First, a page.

Exploring Creation with Mathematics is a new series from Apologia. So far, only Level 1 and Level 2 (for first and second grades) are available. Level 3 is due by the summer of 2021.
These courses were designed for homeschoolers and require one-on-one instruction with a combination of worksheets, manipulatives, games, and projects. There is a strong emphasis on mastering both math facts and conceptual understanding. Religious content is almost completely isolated into introductory pages at the beginning of each unit.
Each course has a large (more than 300-page), plastic-spiral-bound All-in-One Student Text and Workbook that is the primary resource for both student and teacher. The Teaching Guide & Answer Key for each course is also essential. In this review, I will refer to these two course components as the student text and the teacher guide for the sake of brevity. An added bonus with each course is a password to a dedicated "Book Extras" web page with extra helpful tools such as printable pages for games and activities. Access information is in the front of each book with the course instructions.
The student text for Exploring Creation with Mathematics: Level 1 is divided into five units, and Level 2 has six units. Each unit is divided into chapters, and each chapter has a number of lessons. These courses each have just over 100 lessons, and one or two additional days are scheduled as project days at the end of most units. The teacher guides have lesson plan charts showing lessons for four days per week. The intent is for students to complete one lesson per day other than on project days.
On most days, the lesson time will begin with the Daily Skills Practice—activities that might involve hands-on work, worksheets (downloaded from Apologia’s website), or games. Instructions for the Daily Skills Practice for each unit are in the teacher’s guide. For some units, students will do only one type of skill practice each day, although there might be various levels of difficulty from day to day. Other units have more than one type of skill practice. The Daily Skills Practice is used to reinforce what was taught in the previous unit. For instance, in Level 2, in the fourth unit (which teaches addition and subtraction with three-digit numbers), the skill practice is on counting coins and telling time, the concepts that were taught in the third unit. About ten minutes a day should be spent on skill practice.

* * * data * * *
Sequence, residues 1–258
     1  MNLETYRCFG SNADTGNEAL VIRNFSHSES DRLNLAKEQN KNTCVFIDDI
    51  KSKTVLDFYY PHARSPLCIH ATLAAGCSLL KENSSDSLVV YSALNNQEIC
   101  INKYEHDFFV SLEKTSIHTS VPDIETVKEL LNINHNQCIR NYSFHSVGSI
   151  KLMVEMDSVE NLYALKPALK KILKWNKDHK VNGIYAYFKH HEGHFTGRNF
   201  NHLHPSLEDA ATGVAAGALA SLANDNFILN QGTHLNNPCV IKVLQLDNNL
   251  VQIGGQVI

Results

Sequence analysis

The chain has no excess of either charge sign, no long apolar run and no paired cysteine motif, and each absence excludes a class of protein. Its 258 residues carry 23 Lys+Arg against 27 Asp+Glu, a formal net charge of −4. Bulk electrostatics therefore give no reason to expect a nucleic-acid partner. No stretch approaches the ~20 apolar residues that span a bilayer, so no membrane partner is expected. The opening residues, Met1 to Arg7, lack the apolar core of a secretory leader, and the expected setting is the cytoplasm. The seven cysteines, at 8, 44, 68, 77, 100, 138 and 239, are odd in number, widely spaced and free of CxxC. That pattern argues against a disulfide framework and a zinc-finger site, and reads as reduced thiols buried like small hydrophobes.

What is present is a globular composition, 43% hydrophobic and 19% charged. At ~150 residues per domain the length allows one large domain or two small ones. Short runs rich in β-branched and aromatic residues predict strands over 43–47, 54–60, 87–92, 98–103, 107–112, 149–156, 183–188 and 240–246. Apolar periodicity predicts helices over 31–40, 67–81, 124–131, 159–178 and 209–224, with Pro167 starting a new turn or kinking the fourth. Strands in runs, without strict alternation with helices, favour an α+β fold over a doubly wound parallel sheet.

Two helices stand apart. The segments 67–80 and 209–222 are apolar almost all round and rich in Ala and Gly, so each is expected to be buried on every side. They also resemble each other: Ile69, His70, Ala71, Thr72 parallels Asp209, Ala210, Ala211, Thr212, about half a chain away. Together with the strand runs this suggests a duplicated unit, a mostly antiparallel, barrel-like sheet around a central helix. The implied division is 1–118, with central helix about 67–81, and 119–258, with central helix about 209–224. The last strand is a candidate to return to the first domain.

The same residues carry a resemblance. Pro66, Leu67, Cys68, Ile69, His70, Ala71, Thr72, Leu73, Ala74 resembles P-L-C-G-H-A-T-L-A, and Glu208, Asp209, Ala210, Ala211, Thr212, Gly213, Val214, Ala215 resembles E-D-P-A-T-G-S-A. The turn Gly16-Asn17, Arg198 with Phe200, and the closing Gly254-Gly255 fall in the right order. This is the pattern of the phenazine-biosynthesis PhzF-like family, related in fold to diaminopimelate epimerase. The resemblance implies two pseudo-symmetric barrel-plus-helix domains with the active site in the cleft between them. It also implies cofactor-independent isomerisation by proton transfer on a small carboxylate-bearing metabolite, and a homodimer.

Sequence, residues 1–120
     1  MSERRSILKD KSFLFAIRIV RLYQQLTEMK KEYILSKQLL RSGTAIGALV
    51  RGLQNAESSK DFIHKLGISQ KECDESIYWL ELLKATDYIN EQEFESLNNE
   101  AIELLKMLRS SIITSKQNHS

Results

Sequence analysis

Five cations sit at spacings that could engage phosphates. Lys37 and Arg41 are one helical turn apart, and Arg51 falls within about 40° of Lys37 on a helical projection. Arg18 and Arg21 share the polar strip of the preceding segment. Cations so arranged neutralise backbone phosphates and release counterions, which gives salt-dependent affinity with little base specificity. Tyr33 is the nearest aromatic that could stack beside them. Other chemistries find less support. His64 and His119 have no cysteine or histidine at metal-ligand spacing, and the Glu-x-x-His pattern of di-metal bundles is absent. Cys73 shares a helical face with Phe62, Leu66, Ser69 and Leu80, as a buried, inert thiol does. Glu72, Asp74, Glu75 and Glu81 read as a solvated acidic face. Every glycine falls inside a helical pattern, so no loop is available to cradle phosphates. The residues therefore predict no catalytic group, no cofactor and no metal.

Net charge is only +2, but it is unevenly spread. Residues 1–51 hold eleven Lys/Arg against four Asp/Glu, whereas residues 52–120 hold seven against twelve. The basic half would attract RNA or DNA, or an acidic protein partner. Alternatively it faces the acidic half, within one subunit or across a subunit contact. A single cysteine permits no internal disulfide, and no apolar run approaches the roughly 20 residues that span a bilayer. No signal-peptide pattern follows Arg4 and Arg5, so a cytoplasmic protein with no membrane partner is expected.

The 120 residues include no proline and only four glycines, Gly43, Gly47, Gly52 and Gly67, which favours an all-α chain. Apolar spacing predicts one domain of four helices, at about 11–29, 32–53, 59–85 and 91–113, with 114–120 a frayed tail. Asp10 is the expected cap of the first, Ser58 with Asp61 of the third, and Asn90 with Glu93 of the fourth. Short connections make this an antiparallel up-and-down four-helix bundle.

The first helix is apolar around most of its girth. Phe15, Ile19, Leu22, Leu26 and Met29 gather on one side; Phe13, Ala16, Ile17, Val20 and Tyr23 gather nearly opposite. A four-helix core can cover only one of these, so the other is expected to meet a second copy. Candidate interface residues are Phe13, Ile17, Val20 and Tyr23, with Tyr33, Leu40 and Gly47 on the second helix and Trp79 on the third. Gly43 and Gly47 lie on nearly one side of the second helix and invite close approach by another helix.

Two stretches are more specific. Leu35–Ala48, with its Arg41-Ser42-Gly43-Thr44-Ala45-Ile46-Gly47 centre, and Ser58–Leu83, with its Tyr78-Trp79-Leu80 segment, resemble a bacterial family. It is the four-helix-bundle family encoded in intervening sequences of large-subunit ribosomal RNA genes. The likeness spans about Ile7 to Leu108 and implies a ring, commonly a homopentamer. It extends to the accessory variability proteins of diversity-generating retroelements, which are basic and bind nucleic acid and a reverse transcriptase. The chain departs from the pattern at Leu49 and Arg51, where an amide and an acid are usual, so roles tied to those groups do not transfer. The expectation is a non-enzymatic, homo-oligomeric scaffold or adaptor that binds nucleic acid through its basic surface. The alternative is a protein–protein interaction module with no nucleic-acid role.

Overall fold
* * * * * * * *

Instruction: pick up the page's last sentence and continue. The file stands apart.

The lesson itself is then taught from the student book which is printed in full color with lots of images. The parent will read the text and guide students through the activities or written work in the student book.
These courses teach each math concept in many different ways, including hands-on activities to ensure both conceptual understanding and mastery of the math facts. Some of the hands-on resources used are "ten frames" (grids of ten squares on paper), LEGO® bricks, linking cubes, base ten blocks, dominoes, playing cards, dice, counters or beans, and play dough (recipe included). You will also use lots of household and craft resources like foam cups, M&M’s®, coins, dot stickers, brads, beads, poster board, pipe cleaners, colored pencils, tape, and glue. There are separate supply lists for each unit in the teacher’s guides, as well as a comprehensive list at the end of each guide.